2020: Business as usual (more or less)
While over the past year COVID has had a major impact on our lives in many areas, it left Swiss competition law practice refreshingly unimpressed. In late March 2020, in the middle of the first lockdown, the Swiss Competition Commission (“ComCo“) issued a clear message: Swiss competition law continues to apply also during the global pandemic.
Subsequently, ComCo made some minor organizational adjustments (swift handling of requests for advice on measures in connection with COVID; electronic submission of merger notifications; letters are usually sent without a signature; contact with ComCo via Skype), but otherwise ran its operations as usual and even conducted dawn raids at several companies in summer 2020.
The COVID-related published practice of ComCo is also rather sparse. Among others, ComCo ruled that the decision of the Swiss Football League to continue the championships of the highest Swiss leagues did not constitute abusive conduct of the association. In addition, ComCo had to assess the compatibility of proposed state aid under the Agreement between the Swiss Confederation and the European Community on Air Transport in two cases, eventually finding the proposed state aid to be in compliance with the Agreement in the case of two Lufthansa subsidiary airlines (SWISS and Edelweiss), but not in the case of aviation-related operations (SR Technics).
Unlawful Agreements / Cartels
With regard to unlawful agreements/cartels, 2020 was rather calm as we did not see any landmark decisions in this area. Generally, there was a tendency towards the termination of proceedings by means of amicable settlements. Also, ComCo maintained a focus on bid-rigging, sanctioning an agreement in the area of optical networks, and opening a new investigation into possible agreements in the construction sector. Besides this, ComCo conducted investigations against several trading companies due to possible agreements in relation to debt collection and reached further partial decisions and amicable settlements with various banks and brokerage houses concerning alleged manipulation of reference interest rates in trading with interest rate derivatives.
Abuse of Dominance
In contrast, 2020 saw a number of high-profile cases related to the abuse of dominance, with a focus on the media and telecommunications sector.
Two new proceedings were directed against state-owned telecommunications industry leader Swisscom. ComCo opened an investigation against Swisscom for an alleged margin squeeze pertaining to the use of Swisscom’s infrastructure in tenders for projects to network company locations. This new investigation is a sequel to an investigation that has already been concluded with a sanction against Swisscom (WAN-Anbindung) and which is currently subject to an appeal pending before the Federal Administrative Court (“FAC“). The decisions in both of these cases are expected to clarify important issues relating to margin squeeze. In addition, ComCo opened proceedings against Swisscom and imposed provisional measures on the grounds of possible abuse of dominance through the stand-alone expansion of the fiber-optic infrastructure.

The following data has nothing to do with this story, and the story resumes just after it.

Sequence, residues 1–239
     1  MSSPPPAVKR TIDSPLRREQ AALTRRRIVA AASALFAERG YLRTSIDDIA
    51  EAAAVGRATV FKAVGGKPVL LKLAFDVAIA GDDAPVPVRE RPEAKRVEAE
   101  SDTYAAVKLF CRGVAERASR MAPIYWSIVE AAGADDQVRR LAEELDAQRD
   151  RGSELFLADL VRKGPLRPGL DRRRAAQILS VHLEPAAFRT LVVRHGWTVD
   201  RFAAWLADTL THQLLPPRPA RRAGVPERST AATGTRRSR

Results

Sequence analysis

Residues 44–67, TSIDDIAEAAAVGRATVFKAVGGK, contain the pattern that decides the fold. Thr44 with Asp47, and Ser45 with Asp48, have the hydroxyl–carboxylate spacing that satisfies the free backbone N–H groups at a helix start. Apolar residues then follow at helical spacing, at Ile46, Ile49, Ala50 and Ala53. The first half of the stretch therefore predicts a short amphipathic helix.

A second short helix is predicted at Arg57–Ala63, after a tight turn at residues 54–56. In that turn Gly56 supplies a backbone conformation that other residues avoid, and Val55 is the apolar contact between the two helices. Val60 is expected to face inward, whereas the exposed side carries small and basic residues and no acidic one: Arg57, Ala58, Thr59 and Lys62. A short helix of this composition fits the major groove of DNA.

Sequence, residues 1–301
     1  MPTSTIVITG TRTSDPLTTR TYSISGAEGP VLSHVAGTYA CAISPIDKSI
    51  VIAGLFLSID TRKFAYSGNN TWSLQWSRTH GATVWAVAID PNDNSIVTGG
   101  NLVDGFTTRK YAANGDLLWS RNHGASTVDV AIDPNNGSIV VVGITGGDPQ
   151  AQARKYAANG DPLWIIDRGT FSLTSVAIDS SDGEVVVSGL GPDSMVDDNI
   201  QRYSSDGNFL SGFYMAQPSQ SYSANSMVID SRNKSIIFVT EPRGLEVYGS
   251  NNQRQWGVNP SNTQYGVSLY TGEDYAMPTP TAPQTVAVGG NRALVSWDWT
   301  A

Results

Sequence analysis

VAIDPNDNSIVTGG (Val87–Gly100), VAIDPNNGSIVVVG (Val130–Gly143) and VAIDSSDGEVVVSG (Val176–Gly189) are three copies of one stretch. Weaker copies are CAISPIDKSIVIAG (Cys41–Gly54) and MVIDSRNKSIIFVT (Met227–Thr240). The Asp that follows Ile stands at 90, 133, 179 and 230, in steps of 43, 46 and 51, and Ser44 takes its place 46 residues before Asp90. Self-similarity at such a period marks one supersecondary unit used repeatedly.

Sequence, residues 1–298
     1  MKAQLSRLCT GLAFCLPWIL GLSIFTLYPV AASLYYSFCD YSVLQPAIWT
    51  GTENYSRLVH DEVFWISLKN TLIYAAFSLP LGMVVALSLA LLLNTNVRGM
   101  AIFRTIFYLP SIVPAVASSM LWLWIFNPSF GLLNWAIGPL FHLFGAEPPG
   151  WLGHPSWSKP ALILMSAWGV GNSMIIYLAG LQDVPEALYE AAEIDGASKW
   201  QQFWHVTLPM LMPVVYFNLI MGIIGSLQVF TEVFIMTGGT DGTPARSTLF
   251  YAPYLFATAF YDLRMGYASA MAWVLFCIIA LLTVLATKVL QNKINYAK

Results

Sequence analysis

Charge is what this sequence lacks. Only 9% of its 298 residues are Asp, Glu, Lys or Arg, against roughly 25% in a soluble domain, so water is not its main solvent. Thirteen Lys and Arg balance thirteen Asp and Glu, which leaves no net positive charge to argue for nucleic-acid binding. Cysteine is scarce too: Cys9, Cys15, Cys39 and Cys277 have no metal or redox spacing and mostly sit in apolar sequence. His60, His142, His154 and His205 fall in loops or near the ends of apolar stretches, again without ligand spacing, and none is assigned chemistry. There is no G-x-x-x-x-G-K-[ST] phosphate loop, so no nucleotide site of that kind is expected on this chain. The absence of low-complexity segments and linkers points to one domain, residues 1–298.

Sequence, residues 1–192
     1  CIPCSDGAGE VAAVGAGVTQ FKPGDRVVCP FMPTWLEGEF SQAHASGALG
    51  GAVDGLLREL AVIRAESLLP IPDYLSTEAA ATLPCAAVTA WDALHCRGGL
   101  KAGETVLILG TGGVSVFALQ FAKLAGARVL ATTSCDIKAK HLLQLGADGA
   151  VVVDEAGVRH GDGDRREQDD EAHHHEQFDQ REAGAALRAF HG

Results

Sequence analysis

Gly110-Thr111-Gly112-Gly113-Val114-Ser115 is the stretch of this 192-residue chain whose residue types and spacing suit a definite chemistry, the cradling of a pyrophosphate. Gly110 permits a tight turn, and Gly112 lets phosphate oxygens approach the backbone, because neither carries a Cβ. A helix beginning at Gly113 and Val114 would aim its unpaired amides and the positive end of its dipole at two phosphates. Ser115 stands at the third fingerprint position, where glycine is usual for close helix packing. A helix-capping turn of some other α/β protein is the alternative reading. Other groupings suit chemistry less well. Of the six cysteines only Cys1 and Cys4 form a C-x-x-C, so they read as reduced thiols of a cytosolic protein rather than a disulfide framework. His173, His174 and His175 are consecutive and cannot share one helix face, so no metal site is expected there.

ComCo also fined Swisscom’s competitor UPC for unlawful refusal to deal with regard to the exclusive live broadcast of Swiss ice hockey games on pay-TV. This decision is in line with ComCo’s previous practice, which is based on an extremely narrow market definition in the area of pay-TV and for this reason is also subject to a complaint pending before the FAC in an analog case (Sports in Pay-TV).
Furthermore, ComCo released Swatch subsidiary ETA from its supply obligation and restrictions on mechanical Swiss-made watch movements. With this, ComCo put a provisional end to the multi-year process initiated by ETA in 2013. This process was a novelty to Swiss competition law and aimed at allowing ETA as a dominant undertaking to gradually withdraw from its supply obligations, thus giving it more freedom in the choice of its commercial partners. The gradual reduction of ETA’s supply obligation enabled competitors to expand their capacities and customers to adjust their sources of supply, leading to profound changes in the Swiss watch industry. Although ETA is now no longer subject to supply obligations, it remains dominant and thus under ComCo’s general supervision with regard to the abuse of market power.
ComCo also announced that it was fully opening up the natural gas market in central Switzerland. This was reached within the framework of an amicable settlement with two pipeline network operators, which ComCo qualified as market-dominant under the Essential Facility Doctrine and which ComCo also sanctioned for unlawful refusal to deal (although with a reduced amount). As a result, end consumers in the network may now freely choose their gas supplier. ComCo expects this decision to have a signal effect, thus opening up the gas market throughout Switzerland in pre-emption of an ongoing and less far-reaching revision of the Gas Supply Act.